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Dr Eleanor K. Jones BA, MA, PhD

Lecturer in Portuguese and World Literatures

Dr Eleanor K. Jones's photo

Dr Eleanor K. Jones is a Lecturer in Portuguese and World Literatures within Modern Languages at the University of Southampton.

Following a BA and MA focused on Portuguese-speaking cultures, I specialised in one of the countries of Portuguese-speaking Africa – Mozambique – for my doctoral research. During and after my doctorate, completed at the University of Manchester, I also taught courses on cultures from around the Portuguese-speaking world at both Manchester and at the Universities of Sheffield and Birmingham, before joining Southampton in September 2016.

I published the book Battleground Bodies: Gender and Sexuality in Mozambican Literature, in 2017. It explores the representation and use of the body in Mozambican cultural history and literature. My current research focus is on disability, white supremacy and colonialism in Mozambique, Zimbabwe and South Africa. In general, my research centres on comparative African literatures and histories; critical theory; disability, white supremacy, sexuality & colonialism; and the history of colonial science, especially psychiatry.

I am always keen to hear from potential postgraduate students looking for supervision along these thematic lines, including in collaboration with colleagues from my own department and others in the Faculty of Arts and Humanities.

Research interests

My research interests range across the literatures, cultures and social histories of Portuguese- and English-speaking Africa and the Portuguese-speaking world more broadly, with a particular focus on subjects relating to the body and mind. These have included gender and sex, white supremacy, violence, health, and mortality; more recently, I have focused on disability, colonial psychiatry and eugenics. A large part of my work is concerned with the critical theorisation of those themes, both within my regions of specialisation and beyond.

My 2017 monograph, Battleground Bodies: Gender and Sexuality in Mozambican Literature, drew on theory from a range of disciplines to explore and compare the myriad representations and uses of the body in Mozambican cultural history, through poetry and prose by six Mozambican authors: José Craveirinha, Noémia de Sousa, Lília Momplé, Paulina Chiziane, Ungulani Ba Ka Khosa and Suleiman Cassamo. I have also worked on uses of ‘deviant’ sexuality in Portuguese modernist literature, and on the use of pathologisation as a means to marginalise political dissent in post-independence Mozambique.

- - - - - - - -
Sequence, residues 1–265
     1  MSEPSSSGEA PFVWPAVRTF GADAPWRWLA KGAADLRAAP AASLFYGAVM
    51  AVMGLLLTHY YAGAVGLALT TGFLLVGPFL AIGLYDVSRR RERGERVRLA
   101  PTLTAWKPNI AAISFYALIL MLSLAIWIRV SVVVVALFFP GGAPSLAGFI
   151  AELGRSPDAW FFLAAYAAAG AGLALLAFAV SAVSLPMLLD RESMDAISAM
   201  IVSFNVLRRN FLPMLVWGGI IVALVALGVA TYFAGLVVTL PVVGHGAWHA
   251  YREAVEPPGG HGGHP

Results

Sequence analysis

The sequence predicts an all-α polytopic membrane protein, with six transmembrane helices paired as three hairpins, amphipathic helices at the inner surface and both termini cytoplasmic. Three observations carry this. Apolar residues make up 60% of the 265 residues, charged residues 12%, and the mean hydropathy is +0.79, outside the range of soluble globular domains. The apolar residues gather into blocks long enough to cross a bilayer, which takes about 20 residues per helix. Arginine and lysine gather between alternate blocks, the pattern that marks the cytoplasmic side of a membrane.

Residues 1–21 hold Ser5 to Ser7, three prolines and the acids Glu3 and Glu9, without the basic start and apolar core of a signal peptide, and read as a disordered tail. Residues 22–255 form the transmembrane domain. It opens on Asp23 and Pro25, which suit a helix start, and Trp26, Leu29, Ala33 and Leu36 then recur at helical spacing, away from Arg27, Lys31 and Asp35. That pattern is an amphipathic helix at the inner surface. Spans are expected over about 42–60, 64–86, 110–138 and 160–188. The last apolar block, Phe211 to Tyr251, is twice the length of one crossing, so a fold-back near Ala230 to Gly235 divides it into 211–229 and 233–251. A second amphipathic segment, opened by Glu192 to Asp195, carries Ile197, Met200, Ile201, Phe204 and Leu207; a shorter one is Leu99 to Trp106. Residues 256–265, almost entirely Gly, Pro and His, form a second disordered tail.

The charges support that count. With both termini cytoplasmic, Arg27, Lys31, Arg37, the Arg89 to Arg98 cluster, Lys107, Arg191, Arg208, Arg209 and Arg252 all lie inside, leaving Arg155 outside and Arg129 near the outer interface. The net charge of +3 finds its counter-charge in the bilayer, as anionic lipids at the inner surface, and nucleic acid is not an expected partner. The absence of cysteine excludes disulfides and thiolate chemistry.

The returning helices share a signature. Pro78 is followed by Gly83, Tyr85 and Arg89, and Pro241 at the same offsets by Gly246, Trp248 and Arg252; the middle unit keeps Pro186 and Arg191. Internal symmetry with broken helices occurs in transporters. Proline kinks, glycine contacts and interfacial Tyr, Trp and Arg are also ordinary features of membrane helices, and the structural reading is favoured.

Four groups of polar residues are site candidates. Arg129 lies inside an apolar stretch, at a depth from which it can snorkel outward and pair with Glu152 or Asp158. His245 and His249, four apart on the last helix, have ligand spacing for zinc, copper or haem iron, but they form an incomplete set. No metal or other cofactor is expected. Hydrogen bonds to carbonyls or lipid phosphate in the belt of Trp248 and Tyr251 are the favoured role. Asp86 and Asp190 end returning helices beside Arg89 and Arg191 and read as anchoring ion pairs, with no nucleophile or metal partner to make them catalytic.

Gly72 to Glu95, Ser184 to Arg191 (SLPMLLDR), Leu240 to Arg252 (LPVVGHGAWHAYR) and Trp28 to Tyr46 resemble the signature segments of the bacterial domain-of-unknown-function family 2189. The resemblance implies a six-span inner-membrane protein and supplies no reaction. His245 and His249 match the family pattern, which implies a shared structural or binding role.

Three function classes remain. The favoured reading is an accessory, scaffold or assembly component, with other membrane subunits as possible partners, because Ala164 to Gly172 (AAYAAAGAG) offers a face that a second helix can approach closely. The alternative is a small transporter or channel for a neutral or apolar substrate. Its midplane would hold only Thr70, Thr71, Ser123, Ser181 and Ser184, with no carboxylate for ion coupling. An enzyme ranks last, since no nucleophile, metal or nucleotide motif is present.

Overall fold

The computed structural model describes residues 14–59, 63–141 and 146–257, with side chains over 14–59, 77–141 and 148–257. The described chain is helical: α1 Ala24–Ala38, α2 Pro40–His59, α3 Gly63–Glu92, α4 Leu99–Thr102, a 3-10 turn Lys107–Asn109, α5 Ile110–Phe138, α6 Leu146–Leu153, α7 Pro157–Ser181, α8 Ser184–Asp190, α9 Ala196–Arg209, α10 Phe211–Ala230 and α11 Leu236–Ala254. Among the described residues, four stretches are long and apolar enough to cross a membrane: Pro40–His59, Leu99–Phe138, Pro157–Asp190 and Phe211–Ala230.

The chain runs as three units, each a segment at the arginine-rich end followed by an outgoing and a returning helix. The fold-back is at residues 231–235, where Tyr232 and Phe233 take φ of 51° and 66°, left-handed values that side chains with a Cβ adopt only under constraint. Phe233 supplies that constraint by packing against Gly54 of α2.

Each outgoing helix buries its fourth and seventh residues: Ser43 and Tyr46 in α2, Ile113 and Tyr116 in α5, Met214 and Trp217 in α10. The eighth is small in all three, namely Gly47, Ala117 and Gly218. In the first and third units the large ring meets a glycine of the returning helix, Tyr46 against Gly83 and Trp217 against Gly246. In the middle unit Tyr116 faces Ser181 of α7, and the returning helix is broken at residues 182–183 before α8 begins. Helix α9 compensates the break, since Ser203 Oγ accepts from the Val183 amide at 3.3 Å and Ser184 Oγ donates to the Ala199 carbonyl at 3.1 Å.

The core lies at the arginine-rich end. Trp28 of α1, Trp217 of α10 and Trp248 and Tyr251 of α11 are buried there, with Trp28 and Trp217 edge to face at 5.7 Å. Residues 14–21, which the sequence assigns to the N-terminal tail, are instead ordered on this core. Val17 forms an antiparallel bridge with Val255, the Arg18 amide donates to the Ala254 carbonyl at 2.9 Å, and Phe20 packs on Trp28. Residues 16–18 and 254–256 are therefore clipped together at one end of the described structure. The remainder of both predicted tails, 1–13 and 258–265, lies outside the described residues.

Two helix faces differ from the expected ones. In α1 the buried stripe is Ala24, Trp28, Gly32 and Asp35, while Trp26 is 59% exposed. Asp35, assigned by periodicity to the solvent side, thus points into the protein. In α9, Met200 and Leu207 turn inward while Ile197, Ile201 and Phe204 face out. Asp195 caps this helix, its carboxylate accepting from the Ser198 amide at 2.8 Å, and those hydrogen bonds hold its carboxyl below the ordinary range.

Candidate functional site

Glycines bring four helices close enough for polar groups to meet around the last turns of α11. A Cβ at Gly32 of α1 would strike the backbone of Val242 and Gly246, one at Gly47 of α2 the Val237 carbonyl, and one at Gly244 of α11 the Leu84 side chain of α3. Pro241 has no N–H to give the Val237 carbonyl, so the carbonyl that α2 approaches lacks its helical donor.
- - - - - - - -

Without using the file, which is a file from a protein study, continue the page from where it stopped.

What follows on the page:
My current focus is on the discursive construction and use of mental disorder and intellectual disability in colonial southern Africa. I seek to explore how the symbiotic relationship between white supremacy and constructions of mental 'normality' was engendered within and between colonial Mozambique, South Africa and Zimbabwe, and the implications of this for regimes of Blackness, madness, intellectual disability and white racial capitalism. I draw here on theories of disability, madness, Blackness and colonial extraction, putting these into dialogue with medical, legal and political archives.

Director of the Centre for Transnational Studies

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I convene and teach the three PORT modules, which are all concerned with the histories, cultures and theorisations of the Portuguese-speaking world – PORT1001 ‘Introduction to the Portuguese-speaking World’; PORT2001 ‘Culture, Power and Resistance in the Portuguese-speaking World’; and PORT3006 ‘Encounters with Bodies in Lusophone Cultural Narrative.’ I contribute too to first-year cultural studies module LANG1004 ‘Reading Culture.'

In addition, I convene our interdisciplinary MA Transnational Studies programme, which offers a global perspective on world cultures and societies. Within the programme, I co-convene and teach the cultural and critical theory module TRAN6015 ‘Nation, Culture, Power,’ and contribute to the cultural studies module TRAN6012 ‘Cultural Flows.'

Dr Eleanor K. Jones
Room 3037
Avenue Campus
Building 65
SO17 1BF

Room Number: 65/3037

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